Experts: EPA Rules on EV Trucks Are “Catastrophic”


The U.S. Environmental Protection Agency allowed California to set de facto national emission standards for commercial vehicles. The gravity of these mandates and how disconnected the Biden EPA is from current, real-world conditions became clear during a recent hearing.

[The EPA is mandating rules like this for the entire country. Also, most of our goods come through California.]

Andrew Boyle, ATA’s first vice chair and co-president of Massachusetts-based Boyle Transportation, went to Washington this week to testify before a Senate Environment and Public Works Subcommittee on the future of clean vehicles.

The ATA is the American Trucking Associations.

As the manager of a truck fleet with one of the strongest environmental records in the industry today, Mr. Boyle presented the reality for California and nationwide over electric vehicle mandates.

The trucks won’t have the range they need, and the infrastructure does not exist. Motor carriers cannot properly plan and invest in battery-electric trucks without the required infrastructure.

Today, a clean diesel truck can spend 15 minutes fueling anywhere in the country and then travel about 1,200 miles before fueling again. In contrast, today’s long-haul battery electric trucks have a range of about 150-330 miles and can take up to 10 hours to charge.

Here is a clip from his opening remarks where he quickly explains:
One trucking company would have used enough power to charge up an entire city for only 30 trucks.

After one trucking company tried to electrify just 30 trucks at a terminal in Joliet, Illinois, local officials shut those plans down, saying they would draw more electricity than is needed to power the entire city.

A California company tried to electrify 12 forklifts. Not trucks, but forklifts. Local power utilities told them that’s not possible.

If the product, charging infrastructure, and power is not available to comply with these unrealistic timelines, then regulators are setting trucking—and the American consumer—up for failure.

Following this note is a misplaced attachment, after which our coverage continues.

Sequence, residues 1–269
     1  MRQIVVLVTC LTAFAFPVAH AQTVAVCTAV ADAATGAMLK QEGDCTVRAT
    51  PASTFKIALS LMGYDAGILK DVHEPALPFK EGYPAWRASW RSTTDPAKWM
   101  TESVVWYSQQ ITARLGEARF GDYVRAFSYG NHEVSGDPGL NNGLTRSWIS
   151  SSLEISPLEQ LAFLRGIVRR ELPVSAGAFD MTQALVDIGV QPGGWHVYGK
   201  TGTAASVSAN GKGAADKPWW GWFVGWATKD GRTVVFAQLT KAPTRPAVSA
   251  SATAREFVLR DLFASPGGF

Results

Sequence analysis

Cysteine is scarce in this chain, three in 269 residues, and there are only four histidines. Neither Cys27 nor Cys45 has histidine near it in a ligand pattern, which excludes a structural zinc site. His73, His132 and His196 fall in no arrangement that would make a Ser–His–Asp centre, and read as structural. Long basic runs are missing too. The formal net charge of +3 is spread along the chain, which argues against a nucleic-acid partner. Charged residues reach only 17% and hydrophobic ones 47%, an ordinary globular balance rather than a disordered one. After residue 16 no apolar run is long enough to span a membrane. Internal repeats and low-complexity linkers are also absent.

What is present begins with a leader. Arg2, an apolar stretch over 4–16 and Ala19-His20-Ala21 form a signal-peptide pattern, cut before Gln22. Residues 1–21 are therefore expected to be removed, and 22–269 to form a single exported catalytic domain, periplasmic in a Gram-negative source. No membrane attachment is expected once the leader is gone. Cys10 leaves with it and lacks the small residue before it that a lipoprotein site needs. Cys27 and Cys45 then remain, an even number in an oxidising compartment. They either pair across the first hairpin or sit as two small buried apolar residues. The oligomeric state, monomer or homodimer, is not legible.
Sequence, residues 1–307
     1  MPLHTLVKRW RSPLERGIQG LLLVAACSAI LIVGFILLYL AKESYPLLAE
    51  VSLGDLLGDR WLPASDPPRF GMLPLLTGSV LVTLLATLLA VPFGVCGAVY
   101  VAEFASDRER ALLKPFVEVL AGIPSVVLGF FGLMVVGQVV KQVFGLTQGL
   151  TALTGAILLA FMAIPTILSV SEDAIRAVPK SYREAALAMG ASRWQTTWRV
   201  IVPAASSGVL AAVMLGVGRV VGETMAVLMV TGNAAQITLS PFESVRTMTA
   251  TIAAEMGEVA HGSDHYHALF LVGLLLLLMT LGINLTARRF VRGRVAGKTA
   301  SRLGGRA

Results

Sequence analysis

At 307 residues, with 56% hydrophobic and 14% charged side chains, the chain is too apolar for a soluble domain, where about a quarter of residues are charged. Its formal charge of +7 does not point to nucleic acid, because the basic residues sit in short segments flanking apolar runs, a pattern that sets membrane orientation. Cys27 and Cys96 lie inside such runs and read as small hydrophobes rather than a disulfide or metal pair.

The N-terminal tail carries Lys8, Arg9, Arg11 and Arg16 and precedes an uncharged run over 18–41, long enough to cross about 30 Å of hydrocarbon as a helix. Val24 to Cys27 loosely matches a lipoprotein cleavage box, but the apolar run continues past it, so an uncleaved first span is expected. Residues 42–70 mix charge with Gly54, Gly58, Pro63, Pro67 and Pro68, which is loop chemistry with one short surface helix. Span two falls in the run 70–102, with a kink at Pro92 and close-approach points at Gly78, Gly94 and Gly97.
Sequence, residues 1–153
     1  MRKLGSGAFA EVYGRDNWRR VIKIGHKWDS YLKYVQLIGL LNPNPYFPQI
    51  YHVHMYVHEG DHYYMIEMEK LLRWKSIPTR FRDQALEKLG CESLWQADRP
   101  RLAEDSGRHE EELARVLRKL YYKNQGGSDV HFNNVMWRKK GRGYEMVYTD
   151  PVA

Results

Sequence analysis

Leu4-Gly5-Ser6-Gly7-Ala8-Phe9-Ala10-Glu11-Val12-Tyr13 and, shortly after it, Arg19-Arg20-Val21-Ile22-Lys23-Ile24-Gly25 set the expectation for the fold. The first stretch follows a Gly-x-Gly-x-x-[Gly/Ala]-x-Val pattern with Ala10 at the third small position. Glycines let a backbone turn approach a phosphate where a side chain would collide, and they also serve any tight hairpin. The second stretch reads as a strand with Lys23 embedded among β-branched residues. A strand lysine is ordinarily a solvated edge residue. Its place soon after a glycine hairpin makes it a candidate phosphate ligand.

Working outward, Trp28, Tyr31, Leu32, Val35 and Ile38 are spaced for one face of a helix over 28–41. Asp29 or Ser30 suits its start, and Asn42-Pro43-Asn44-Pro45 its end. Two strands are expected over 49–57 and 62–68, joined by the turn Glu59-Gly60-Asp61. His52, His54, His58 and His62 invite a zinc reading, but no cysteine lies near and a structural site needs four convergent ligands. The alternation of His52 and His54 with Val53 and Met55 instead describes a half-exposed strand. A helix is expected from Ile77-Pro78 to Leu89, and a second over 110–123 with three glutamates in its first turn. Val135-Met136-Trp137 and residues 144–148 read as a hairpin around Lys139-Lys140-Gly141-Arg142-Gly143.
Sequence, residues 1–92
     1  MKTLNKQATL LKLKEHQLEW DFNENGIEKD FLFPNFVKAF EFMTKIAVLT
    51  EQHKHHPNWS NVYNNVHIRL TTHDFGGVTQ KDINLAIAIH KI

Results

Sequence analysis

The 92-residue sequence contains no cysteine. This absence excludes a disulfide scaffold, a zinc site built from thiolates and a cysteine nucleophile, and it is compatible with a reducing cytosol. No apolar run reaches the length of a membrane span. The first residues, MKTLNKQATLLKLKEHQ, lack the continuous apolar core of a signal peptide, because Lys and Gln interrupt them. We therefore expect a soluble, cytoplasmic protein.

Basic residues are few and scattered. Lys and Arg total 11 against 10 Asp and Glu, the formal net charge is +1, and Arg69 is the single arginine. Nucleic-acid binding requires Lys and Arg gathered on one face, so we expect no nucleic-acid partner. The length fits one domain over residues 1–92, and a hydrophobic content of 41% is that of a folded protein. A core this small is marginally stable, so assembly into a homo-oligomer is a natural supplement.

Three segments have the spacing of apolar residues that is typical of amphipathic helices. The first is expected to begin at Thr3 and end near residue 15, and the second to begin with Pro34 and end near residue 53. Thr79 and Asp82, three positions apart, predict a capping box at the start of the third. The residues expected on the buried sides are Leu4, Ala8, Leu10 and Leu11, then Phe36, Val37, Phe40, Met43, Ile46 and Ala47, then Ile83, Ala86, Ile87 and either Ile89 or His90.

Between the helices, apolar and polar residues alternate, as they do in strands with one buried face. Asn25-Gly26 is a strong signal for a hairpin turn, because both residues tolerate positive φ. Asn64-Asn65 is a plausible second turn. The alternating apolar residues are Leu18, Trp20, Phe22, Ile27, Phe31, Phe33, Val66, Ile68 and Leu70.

“Remember, we deliver food, medicine, and baby formula…

Failure is not merely inconvenient; it’s catastrophic.”

The Costs Are Prohibitive

A new, clean-diesel long-haul tractor typically costs in the range of $180,000 to $200,000. A comparable battery-electric tractor costs upwards of $480,000. That $300,000 upcharge is cost-prohibitive for the overwhelming majority of motor carriers. More than 95% of trucking companies are small businesses operating ten trucks or fewer.

Complying with these mandates will push many carriers out of business and tighten capacity nationwide, causing severe price inflation for all goods.

Weight Is A Serious Issue

Weight factors are another inconvenient truth. Battery-electric trucks, which run on two approx. 8,000-lb. lithium iron batteries, are far heavier than their clean-diesel counterparts. Since trucks are subject to strict federal weight limits, mandating battery-electric will decrease the payload of each truck, putting more trucks on the road and increasing both traffic congestion and tailpipe emissions.

Sourcing rare minerals needed to produce lithium iron batteries is another major hurdle. Tens of millions of tons of cobalt, graphite, lithium and nickel will be needed, which could take as long as 35 years to acquire given current levels of global production.

Expanding that capacity carries a giant environmental footprint and would rely heavily on foreign child labor from nations like the Democratic Republic of Congo unless the U.S. is willing to permit more domestic mining operations.

  • Additional Problems:
  • California standards will unleash supply chain disruptions nationally.
  • Repealing the federal excise tax would create immediate environmental gains.

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